After reading the following question, I know that there are not that many solutions to the 3-body problem, and I know that a ternary system is unstable. The 3 stars all orbit each other in a rotating equilateral triangle shape, which is an unstable formation due to perturbations.
Doing research elsewhere, I've discovered that one of the following things will occur in such a system:
- Two of the stars will orbit each other, and the third star will orbit around both of them. The result is a binary star system and a singular star that are orbiting each other, like this stable ternary star system.
- A collision will occur between two of the stars.
- The third star will be ejected from the system.
For my story, I will need to know the amount of time that a ternary system as described in the linked question can stay in place before being disrupted by perturbations and becoming stable in one of the ways described above.
The amount of time is highly variant. We can't answer this question without specifics. Voting to close as too broad. -Average comment that makes me sad
Okay, fair point. Therefore for this question I will place the following constraints:
- The system must become stable by ejecting one of the stars. (no collisions, and no pairs becoming binary without ejecting a star)
- After ejecting the third star, the remaining two stars must become a binary system (rather than all 3 stars flying away from each other forever)
- The unstable system (before ejecting the star) must be able to continue for several hundred years
- The three stars are all Sun-like in mass, volume, and spectral class. (can be changed as needed)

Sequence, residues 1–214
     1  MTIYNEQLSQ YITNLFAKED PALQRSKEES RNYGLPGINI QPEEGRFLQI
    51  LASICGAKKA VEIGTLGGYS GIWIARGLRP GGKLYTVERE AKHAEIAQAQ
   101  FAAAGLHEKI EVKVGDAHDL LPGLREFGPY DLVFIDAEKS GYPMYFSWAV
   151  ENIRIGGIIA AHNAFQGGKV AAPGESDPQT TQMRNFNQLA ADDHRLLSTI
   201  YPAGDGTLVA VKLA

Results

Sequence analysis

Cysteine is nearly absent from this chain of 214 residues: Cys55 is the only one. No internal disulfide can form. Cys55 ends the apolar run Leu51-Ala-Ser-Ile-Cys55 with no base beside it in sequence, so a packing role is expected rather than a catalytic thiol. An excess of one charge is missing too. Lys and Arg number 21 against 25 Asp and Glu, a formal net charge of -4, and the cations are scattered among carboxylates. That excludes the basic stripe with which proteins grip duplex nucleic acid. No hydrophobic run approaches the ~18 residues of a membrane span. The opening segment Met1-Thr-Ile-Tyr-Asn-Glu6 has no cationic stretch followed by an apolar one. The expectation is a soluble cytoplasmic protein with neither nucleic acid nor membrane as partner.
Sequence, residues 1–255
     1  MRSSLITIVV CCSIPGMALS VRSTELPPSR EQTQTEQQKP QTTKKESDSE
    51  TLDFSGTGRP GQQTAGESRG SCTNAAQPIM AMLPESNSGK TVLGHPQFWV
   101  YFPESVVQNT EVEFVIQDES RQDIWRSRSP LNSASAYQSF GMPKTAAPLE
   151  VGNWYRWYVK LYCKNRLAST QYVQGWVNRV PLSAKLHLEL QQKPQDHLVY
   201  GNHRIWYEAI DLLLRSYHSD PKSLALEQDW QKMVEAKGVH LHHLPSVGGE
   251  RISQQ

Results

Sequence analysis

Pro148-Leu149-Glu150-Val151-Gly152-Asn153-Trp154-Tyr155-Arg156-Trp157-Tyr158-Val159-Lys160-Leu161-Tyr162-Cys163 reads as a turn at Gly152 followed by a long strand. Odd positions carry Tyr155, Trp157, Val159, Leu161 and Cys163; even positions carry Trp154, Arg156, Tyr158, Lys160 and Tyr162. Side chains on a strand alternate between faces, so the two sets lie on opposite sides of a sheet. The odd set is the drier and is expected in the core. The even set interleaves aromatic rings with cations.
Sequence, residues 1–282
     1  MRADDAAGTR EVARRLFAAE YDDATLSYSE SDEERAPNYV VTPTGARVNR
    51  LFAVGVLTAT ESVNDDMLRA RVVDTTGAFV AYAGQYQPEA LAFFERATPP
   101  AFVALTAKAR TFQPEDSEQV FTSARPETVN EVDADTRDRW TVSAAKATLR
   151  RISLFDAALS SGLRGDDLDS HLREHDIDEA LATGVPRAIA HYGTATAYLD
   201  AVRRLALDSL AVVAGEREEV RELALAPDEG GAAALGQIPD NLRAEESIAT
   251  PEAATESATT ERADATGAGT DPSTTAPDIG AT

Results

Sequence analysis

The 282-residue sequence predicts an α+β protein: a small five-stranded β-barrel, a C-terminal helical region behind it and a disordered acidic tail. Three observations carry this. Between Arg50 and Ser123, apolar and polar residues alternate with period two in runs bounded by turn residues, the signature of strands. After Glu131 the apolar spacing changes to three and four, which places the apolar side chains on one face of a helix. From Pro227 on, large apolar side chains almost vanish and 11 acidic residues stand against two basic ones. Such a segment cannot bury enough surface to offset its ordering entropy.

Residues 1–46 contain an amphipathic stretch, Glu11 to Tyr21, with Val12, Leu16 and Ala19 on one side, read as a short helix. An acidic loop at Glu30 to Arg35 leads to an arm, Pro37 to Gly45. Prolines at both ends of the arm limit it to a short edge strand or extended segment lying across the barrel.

The purpose of this is because in my story, there were astronomical observations of an unstable ternary star system and I'd like to know how long I can have the observations have been ongoing, historically.
Hopefully, I can have the people of my world observe the system for at least several hundred years (if not longer) before observing a star being suddenly ejected from the system.
Can a system like this last several hundred years before a star is ejected from the system?
I don't know the orbital distances that would be necessary between stars in order for the instability to last several hundred years, so if someone could help me calculate that, that'd be great.
If such a system would eject a star much more quickly than that, please help me correct my model. I simply need a ternary system that lasts several hundred years before ejecting a star and becoming stable as a binary system.
NOTE: For this question, 'years' refers to Earth years.
Please help me adjust the question title to reflect the content, if necessary. I was struggling to find a good way to summarize what I'm asking for.